Most beachcombers view sea glass as a colorful addition to their collection. Diane Moore sees a person.
When Moore finds fragments of sea glass in the sand, she takes them home with her. The licensed mental health counselor has specific clients in mind.
“Everything that has happened to the sea glass has happened to them,” said Moore, Multnomah’s Distinguished Young Alumni Award Winner for 2013. “They have been emptied and washed out to sea.”
She carefully wraps wire around the fragments and crafts the pieces into necklaces. Then she gives the necklaces to women she is counseling.
‘Mr. Rogers in a pink sweater’
Moore loves using everyday objects to communicate truths to her clients. “The objects can teach about what’s happened to them,” she said. “If you create an environment of truth, then people will heal.”
Moore first became involved in counseling as a children’s pastor for Vancouver First Church of God in 1994. After earning a bachelor’s degree in family studies, she spent several years working at Portland Youth for Christ, a non-profit organization. In 2008, Moore started her own radio show, “Parent Talk.”
Radio had always been a part of Moore’s life. Growing up on a rural farm, Moore and her family were detached from the local community beyond their property lines.
“We had a radio out in the cow barn,” she recalled. “When I listened to the programs, I felt this human connection to the people speaking.” Moore wanted to bring the same connectedness she had felt as a child to the listeners of her own program.
“I wanted to be Mr. Rogers in a pink sweater,” she said.
“Parent Talk” was a hit. Between 1 p.m. and 2 p.m. (“the golden hour of nap time,” as Moore called it), mothers and fathers called in with all kinds of questions about parenting. Moore gave advice on everything from disobedient children to sibling rivalry.
The hardest calls to handle were the ones that dealt with prodigal son situations. Many parents were in a great deal of emotional pain. Whenever she struggled with a caller’s question, Moore always asked herself one thing: “What would God do?” God, she said, would always find a way to respond with a beautiful blend of grace and truth.
Moore encouraged parents to avoid becoming overwhelmed with hurt by choosing to prepare for their child’s return. “I told them to write their child a letter or buy them a gift,” she said. “They could store the gift in a closet. Whenever their child returned, they could open the closet and say, ‘I was thinking about you.’”
‘They treated me like a colleague’
While Moore was hosting “Parent Talk,” she began pursuing a master’s degree in counseling at Multnomah. At the time, she was not planning on becoming a counselor; she merely wanted the training the degree provided.
As she became more immersed in the program, Moore began seeing a different path stretch before her. Her internship, she said, was the determining factor. She fell in love with one-on-one counseling. “I felt like I had finally found what I wanted to be when I grew up,” she said.
Moore said she wanted to earn her MAC at Multnomah because the school offered an experiential type of degree. “It was just like the kind of teaching Jesus did,” Moore said. “I was taught to think simply about complex problems.”
Although the training Moore received at Multnomah was invaluable, the professors stood out to her the most. “What really surprised me was that they treated me like a colleague,” she said.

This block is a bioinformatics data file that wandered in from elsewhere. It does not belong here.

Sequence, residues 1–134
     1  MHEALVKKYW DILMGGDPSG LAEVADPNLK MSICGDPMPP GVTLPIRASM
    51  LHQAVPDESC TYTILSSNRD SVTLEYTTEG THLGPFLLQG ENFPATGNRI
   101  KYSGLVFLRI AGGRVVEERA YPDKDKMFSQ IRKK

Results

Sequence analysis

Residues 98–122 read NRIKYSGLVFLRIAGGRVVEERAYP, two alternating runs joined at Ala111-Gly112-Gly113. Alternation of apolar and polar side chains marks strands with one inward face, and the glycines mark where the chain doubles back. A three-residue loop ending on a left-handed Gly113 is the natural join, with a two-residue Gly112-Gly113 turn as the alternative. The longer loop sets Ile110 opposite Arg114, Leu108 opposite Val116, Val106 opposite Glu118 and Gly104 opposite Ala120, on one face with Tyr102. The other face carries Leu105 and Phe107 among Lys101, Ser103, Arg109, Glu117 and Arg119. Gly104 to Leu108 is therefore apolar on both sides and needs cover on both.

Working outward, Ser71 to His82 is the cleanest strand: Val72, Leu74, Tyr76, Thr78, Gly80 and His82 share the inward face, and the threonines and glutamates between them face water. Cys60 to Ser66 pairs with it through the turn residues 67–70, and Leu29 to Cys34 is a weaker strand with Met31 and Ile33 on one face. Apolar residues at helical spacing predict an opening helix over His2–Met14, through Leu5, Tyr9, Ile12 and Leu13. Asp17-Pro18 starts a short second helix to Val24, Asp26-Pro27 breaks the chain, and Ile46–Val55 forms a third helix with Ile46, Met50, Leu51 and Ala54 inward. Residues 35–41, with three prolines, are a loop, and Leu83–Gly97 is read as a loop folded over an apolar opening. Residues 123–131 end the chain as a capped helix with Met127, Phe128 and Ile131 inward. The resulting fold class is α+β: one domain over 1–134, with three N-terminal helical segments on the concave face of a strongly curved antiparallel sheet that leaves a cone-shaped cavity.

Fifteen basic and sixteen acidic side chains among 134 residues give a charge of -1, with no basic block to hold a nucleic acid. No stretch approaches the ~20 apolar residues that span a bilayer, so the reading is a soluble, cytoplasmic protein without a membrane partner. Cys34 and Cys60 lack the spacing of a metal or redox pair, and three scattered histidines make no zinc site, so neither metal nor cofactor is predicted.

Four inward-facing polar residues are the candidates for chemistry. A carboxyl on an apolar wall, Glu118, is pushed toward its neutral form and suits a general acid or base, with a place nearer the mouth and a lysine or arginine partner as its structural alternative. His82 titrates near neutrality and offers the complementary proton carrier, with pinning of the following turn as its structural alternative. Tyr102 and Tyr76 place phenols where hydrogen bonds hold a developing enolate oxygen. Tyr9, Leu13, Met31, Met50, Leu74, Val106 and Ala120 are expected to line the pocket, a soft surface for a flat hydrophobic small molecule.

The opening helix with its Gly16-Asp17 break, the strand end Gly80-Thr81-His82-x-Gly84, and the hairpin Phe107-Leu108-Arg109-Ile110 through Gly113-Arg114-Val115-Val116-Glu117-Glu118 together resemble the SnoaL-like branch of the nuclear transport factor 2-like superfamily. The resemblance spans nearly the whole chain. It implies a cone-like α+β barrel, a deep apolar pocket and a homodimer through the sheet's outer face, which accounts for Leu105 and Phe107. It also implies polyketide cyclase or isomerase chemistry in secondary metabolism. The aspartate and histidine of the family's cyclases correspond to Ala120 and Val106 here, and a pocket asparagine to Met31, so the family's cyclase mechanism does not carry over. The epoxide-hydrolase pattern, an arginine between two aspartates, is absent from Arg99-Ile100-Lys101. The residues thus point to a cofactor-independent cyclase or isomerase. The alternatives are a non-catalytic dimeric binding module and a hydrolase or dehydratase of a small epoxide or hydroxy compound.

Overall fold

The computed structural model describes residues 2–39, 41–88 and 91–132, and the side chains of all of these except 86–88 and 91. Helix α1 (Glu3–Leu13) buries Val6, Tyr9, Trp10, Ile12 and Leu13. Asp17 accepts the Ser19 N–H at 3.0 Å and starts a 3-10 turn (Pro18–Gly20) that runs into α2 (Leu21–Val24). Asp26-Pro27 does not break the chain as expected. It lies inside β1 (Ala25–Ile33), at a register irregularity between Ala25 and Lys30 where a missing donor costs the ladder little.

While Moore viewed all her professors as exemplary, she remains particularly close to Jim Velez. “He will always be a special colleague and friend,” she said.
Moore has been successfully running her own private practice since 2011. She finds joy her in work and takes comfort in God’s role in her job and in her life. “Every morning, I turn every light in my office on, and I say, ‘I need you, God. I need your truth,’” she said.
Counseling has given her patience. “I want the healing process for people to be fast, but it takes a lot of time,” she said. “I have to trust God that their walls will come down, and that they’ll heal even when they get stuck.”
Moore acknowledges that her career takes an enormous amount of emotional energy. To diffuse the weightiness, Moore prioritizes self-care. She loves to bike, swim and spend time with her husband of 32 years, Rob, and their three children.
She recently began a new hobby: making jewelry. “My husband says I’m obsessed with it,” she said with a laugh. She gives many of the pieces she makes to her clients as gifts.
‘God wants us to connect’
Counseling – not to mention Multnomah – runs in the family. Moore’s middle son and his wife are currently finishing their counseling degrees at MU. Her youngest daughter is doing the same.
Moore was surprised to be chosen for the Distinguished Young Alumni Award. “I just thought I was hiding in my office, and no one knew who I was!” she said.
For people considering the counseling field, Moore has a few words of wisdom: “Live thoughtfully. Do your work. Be healthy. And go to a therapist if you need to.”
She also has advice for those considering therapy: “Be sure you connect with the counselor. Make sure they’re putting the things you’re dealing with into the context of your life story.”
Her dream is to turn her private practice into a thriving internship center that caters to Multnomah MAC students seeking real-world experience. She hopes to offer students the same guidance and opportunities she was given when she pursued her master’s degree.
For Moore, life is all about relating. Whether she is spending time with her family, crafting a necklace or meditating on the Bible, she is constantly building bridges. “Sin keeps us from being connected,” she said. “But God wants us to connect.”
And Moore is overjoyed to connect with so many different people through her practice. “I love it,” she said. “I feel like I sit with God all day.”